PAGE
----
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Using God for Violence; The Quest for Peace

October 28, 2011
Assisi Doves

Assisi Doves by johnwilliamsphd

Pope Benedict XVI’s address in Assisi is a must read. Here is an excerpt that compels one to stand up for human dignity and to mark terrorism for what it is–using the name of God for violence:

Let us try to identify the new faces of violence and discord more closely. It seems to me that, in broad strokes, we may distinguish two types of the new forms of violence, which are the very antithesis of each other in terms of their motivation and manifest a number of differences in detail. Firstly there is terrorism, for which in place of a great war there are targeted attacks intended to strike the opponent destructively at key points, with no regard for the lives of innocent human beings, who are cruelly killed or wounded in the process. In the eyes of the perpetrators, the overriding goal of damage to the enemy justifies any form of cruelty. Everything that had been commonly recognized and sanctioned in international law as the limit of violence is overruled. We know that terrorism is often religiously motivated and that the specifically religious character of the attacks is proposed as a justification for the reckless cruelty that considers itself entitled to discard the rules of morality for the sake of the intended “good”. In this case, religion does not serve peace, but is used as justification for violence.

The post-Enlightenment critique of religion has repeatedly maintained that religion is a cause of violence and in this way it has fuelled hostility towards religions. The fact that, in the case we are considering here, religion really does motivate violence should be profoundly disturbing to us as religious persons. In a way that is more subtle but no less cruel, we also see religion as the cause of violence when force is used by the defenders of one religion against others. The religious delegates who were assembled in Assisi in 1986 wanted to say, and we now repeat it emphatically and firmly: this is not the true nature of religion. It is the antithesis of religion and contributes to its destruction. In response, an objection is raised: how do you know what the true nature of religion is? Does your assertion not derive from the fact that your religion has become a spent force? Others in their turn will object: is there such a thing as a common nature of religion that finds expression in all religions and is therefore applicable to them all? We must ask ourselves these questions, if we wish to argue realistically and credibly against religiously motivated violence. Herein lies a fundamental task for interreligious dialogue – an exercise which is to receive renewed emphasis through this meeting. As a Christian I want to say at this point: yes, it is true, in the course of history, force has also been used in the name of the Christian faith. We acknowledge it with great shame. But it is utterly clear that this was an abuse of the Christian faith, one that evidently contradicts its true nature. The God in whom we Christians believe is the Creator and Father of all, and from him all people are brothers and sisters and form one single family. For us the Cross of Christ is the sign of the God who put “suffering-with” (compassion) and “loving-with” in place of force. His name is “God of love and peace” (2 Cor 13:11). It is the task of all who bear responsibility for the Christian faith to purify the religion of Christians again and again from its very heart, so that it truly serves as an instrument of God’s peace in the world, despite the fallibility of humans.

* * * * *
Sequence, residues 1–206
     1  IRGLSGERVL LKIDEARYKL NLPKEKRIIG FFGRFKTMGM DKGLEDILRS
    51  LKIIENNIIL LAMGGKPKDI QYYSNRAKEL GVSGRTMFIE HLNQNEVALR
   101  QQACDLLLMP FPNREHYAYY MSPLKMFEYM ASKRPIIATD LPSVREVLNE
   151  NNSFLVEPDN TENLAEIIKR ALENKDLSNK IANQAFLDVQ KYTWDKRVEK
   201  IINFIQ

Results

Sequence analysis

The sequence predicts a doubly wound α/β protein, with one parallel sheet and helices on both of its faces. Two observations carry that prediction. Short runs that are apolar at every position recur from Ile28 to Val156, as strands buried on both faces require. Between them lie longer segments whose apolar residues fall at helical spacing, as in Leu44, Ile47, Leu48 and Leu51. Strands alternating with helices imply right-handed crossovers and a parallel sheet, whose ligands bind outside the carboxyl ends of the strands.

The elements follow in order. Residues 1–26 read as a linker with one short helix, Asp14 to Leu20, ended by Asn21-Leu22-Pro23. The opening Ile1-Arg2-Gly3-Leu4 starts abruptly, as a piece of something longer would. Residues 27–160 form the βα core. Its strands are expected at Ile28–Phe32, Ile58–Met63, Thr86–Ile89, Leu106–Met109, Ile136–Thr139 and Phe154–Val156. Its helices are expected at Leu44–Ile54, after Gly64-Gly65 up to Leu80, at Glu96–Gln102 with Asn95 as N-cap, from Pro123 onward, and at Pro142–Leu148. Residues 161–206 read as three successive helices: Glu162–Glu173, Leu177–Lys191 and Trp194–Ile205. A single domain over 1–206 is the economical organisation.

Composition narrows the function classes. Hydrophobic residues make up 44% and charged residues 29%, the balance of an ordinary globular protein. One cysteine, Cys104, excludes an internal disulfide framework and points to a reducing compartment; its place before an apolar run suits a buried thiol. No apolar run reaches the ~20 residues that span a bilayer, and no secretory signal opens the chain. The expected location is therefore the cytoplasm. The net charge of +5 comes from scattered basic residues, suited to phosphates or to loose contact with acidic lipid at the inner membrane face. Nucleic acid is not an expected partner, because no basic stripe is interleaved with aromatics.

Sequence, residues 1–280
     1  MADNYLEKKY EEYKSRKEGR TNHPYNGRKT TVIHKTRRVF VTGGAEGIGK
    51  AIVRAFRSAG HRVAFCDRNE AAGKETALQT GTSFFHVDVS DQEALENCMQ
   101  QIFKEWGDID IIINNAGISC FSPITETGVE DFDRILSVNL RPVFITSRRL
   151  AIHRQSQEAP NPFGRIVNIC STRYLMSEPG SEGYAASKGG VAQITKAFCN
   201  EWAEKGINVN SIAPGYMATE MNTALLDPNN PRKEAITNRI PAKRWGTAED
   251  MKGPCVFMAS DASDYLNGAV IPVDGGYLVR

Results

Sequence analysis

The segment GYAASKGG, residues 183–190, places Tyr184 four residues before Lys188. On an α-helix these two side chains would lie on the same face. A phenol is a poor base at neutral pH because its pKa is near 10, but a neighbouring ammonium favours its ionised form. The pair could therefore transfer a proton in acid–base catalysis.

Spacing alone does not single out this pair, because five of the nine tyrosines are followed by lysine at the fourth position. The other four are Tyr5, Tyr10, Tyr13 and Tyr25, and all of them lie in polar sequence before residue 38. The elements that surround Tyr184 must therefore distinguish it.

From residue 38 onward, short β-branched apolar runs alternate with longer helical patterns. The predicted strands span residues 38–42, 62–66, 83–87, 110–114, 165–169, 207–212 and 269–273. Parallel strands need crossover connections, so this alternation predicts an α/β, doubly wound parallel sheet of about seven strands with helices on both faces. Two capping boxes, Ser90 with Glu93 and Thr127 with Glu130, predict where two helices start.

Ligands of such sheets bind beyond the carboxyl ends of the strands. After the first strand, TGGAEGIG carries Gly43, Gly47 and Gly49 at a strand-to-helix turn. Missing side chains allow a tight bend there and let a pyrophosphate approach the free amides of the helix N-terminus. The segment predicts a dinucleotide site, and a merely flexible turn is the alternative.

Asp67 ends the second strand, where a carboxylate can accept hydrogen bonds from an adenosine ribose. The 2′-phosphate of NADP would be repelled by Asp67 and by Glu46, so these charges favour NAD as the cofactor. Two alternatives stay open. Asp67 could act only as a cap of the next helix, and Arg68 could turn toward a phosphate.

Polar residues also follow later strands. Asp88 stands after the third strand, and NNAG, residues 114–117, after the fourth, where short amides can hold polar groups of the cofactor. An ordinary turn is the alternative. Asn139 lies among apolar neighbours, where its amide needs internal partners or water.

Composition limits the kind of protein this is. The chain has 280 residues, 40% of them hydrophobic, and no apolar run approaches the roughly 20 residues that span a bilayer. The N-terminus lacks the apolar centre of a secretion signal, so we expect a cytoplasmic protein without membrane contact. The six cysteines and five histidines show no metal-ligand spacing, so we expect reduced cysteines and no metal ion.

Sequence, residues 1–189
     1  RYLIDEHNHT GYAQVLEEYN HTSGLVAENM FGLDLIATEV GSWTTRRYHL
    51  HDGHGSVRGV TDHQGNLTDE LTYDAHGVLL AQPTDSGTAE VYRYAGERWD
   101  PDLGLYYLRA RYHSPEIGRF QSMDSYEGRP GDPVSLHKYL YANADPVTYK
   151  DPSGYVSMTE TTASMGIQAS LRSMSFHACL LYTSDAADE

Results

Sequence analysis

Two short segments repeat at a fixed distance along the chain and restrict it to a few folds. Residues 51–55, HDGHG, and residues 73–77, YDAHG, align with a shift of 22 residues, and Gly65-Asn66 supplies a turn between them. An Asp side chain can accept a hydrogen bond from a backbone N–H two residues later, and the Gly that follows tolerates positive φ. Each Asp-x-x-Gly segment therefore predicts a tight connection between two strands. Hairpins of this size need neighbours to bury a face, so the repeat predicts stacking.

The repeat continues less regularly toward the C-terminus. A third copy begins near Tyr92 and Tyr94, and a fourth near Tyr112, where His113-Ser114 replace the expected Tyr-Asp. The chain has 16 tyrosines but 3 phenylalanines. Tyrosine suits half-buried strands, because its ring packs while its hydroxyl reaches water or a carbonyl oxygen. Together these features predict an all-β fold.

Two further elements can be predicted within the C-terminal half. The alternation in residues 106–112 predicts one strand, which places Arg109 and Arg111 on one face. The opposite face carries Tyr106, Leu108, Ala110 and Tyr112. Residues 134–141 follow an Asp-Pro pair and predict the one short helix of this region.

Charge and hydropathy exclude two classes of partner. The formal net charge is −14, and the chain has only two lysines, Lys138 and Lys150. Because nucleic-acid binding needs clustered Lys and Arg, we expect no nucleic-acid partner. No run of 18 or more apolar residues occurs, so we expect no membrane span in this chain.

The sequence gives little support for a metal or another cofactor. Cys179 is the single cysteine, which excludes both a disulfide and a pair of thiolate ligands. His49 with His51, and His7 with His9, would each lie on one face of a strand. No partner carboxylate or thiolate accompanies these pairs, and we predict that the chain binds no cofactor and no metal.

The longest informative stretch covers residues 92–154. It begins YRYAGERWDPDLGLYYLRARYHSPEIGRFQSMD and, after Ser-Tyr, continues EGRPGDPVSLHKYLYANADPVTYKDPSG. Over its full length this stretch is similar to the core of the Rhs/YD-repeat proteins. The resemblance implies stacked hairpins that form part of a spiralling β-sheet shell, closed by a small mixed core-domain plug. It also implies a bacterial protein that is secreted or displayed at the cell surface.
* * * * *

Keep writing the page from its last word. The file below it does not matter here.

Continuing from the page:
If one basic type of violence today is religiously motivated and thus confronts religions with the question as to their true nature and obliges all of us to undergo purification, a second complex type of violence is motivated in precisely the opposite way: as a result of God’s absence, his denial and the loss of humanity which goes hand in hand with it. The enemies of religion – as we said earlier – see in religion one of the principal sources of violence in the history of humanity and thus they demand that it disappear. But the denial of God has led to much cruelty and to a degree of violence that knows no bounds, which only becomes possible when man no longer recognizes any criterion or any judge above himself, now having only himself to take as a criterion. The horrors of the concentration camps reveal with utter clarity the consequences of God’s absence.

Read the rest  here.

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